Bicyclists have a right to the road, too
On Friday, Aug. 20, I was riding my bicycle down 3rd Street East off American Legion, just past Hawleys, when I heard someone behind me blaring their horn.
When I started to turn to see who it was, a lady sped around me in her suburban. I was startled but didn't intend to follow her.
But then she turned down 8th Street North, which happened to be the way I was going. Then she turned down 8th Street East, which is the street I live on. When I rode down 8th East, I recognized her vehicle parked on the wrong side of the street. So I pulled over to ask her why she was honking at me.
Before I could say anything, she called me lots of names that aren't fit for the paper. She told me I wasn't supposed to be riding in the middle of the road, that I was supposed be all the way over to the right, out of her way.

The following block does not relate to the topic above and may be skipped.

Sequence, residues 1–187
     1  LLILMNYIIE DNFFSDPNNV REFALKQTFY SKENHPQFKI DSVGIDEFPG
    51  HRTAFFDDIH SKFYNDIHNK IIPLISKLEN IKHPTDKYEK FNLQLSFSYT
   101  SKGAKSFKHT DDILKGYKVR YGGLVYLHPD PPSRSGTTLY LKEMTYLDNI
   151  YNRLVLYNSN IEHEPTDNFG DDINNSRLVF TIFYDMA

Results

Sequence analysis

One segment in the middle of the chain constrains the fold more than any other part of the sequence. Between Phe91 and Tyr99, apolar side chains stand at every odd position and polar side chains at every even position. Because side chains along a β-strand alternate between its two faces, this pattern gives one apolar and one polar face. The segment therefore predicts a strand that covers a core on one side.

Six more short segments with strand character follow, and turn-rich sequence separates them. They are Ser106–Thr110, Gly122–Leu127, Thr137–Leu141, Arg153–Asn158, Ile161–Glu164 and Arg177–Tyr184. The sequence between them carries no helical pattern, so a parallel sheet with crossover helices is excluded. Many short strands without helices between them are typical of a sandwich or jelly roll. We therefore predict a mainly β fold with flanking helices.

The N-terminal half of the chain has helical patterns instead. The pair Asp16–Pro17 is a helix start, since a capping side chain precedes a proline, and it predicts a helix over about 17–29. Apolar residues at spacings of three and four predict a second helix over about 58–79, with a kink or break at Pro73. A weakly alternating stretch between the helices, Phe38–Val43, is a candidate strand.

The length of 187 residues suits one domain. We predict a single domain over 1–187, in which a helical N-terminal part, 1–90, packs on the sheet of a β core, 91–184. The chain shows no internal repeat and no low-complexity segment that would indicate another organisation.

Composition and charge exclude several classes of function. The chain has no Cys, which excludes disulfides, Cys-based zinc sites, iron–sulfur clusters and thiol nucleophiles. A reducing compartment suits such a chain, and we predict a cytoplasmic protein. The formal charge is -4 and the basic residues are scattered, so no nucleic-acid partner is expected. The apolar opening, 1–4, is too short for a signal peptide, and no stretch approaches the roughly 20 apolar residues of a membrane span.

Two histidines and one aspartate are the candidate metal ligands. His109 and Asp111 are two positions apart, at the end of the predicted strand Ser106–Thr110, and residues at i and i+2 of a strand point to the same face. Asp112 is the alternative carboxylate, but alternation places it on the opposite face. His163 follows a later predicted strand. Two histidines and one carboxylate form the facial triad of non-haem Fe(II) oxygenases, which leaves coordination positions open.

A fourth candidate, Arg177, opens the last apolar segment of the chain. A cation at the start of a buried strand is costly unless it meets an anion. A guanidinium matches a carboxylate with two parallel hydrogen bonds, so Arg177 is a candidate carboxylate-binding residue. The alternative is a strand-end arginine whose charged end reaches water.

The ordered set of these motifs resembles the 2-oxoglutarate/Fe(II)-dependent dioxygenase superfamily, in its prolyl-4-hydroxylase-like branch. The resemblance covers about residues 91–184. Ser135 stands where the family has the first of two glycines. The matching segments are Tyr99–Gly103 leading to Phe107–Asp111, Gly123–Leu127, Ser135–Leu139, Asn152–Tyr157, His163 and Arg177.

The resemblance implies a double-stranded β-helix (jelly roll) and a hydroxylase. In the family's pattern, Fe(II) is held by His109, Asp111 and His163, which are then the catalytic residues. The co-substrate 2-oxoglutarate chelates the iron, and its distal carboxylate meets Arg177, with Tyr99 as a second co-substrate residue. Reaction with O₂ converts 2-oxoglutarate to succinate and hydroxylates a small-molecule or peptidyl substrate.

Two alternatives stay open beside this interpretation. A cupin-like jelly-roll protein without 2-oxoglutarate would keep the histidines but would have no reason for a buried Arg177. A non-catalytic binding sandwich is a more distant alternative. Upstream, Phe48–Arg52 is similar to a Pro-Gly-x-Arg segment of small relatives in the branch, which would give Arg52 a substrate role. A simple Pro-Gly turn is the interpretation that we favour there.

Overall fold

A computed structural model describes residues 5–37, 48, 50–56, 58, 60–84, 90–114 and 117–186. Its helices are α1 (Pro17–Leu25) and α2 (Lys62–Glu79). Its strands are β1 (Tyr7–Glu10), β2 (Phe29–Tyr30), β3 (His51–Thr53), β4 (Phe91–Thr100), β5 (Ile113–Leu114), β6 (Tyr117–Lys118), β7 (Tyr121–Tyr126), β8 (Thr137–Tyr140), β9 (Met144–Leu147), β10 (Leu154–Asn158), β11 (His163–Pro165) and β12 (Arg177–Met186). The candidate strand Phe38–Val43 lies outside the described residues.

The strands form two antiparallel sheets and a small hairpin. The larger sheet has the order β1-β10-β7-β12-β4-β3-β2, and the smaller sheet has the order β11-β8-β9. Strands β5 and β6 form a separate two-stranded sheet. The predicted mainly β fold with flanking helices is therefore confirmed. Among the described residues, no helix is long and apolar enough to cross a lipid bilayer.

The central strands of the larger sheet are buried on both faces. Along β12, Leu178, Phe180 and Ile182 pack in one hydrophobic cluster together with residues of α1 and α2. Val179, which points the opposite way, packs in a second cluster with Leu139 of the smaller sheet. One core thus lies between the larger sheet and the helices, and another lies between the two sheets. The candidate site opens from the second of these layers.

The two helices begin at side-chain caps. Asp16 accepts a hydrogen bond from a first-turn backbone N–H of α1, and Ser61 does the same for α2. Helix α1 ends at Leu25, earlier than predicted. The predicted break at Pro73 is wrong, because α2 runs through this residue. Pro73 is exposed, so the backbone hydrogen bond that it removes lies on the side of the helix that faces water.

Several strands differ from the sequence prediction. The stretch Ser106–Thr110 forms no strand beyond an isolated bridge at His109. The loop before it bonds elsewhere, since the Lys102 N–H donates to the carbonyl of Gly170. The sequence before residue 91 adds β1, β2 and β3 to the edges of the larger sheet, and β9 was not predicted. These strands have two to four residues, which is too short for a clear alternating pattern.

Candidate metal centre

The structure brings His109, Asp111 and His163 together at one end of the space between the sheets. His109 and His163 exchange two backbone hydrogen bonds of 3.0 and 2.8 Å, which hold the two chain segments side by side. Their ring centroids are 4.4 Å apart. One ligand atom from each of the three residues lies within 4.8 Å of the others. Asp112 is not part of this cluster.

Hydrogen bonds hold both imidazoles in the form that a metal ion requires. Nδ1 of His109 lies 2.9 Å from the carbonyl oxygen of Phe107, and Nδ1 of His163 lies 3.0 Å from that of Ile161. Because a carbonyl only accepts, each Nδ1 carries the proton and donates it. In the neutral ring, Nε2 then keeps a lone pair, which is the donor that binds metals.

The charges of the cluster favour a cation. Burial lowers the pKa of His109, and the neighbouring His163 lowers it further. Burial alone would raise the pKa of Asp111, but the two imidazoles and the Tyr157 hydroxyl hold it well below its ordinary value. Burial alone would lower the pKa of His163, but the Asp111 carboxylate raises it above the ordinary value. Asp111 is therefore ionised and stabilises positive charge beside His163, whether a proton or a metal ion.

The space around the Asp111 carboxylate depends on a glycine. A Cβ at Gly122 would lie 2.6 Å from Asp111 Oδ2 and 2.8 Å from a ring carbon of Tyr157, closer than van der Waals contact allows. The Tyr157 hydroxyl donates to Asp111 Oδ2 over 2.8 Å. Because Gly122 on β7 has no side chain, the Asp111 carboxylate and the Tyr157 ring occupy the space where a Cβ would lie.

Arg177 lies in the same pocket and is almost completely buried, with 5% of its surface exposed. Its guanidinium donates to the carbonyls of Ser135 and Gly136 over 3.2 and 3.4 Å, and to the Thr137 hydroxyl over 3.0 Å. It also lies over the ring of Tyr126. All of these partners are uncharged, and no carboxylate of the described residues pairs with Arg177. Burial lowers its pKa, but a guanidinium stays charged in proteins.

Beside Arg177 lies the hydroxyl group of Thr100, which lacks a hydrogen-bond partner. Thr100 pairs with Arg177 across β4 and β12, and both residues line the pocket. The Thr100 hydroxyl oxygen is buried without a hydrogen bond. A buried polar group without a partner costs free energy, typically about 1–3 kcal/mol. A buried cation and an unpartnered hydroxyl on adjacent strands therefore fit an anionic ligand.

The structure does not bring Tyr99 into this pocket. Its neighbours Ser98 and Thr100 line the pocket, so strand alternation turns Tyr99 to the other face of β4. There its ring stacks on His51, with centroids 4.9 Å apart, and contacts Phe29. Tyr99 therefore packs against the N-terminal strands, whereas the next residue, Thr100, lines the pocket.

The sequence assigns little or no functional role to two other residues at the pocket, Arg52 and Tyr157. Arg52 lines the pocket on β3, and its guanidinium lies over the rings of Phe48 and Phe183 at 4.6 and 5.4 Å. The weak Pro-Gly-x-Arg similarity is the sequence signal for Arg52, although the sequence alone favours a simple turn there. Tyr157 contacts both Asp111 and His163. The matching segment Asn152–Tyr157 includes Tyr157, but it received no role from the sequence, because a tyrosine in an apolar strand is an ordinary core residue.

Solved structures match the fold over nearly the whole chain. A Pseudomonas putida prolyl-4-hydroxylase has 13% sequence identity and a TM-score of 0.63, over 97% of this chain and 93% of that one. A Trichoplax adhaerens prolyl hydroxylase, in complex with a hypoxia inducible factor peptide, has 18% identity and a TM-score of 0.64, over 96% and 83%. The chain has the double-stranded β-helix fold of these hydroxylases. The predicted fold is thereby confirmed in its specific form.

Well, ma'am, you're partly right. Idaho law does require me to ride on the right -- with exceptions. Part of the exceptions is if you're avoiding parked cars, rough road, holes in the road, etc.
I ride that road every day, that stretch of 3rd has lots of holes and very rough road on the edges. I was trying to avoid all that. My bicycle feels the holes and rough areas more than your SUV does.
Also, I have a right to be on the road as much as you do. I hope that getting so angry with me helped relieve some of the stress you were obviously under. Please remember that bicycles do have rights. If for no other reason, if you practice kindness and understanding toward your fellow humans (even those on two wheels) hopefully you will receive kindness and understanding from others someday when you need it.
-- Garry Swatzel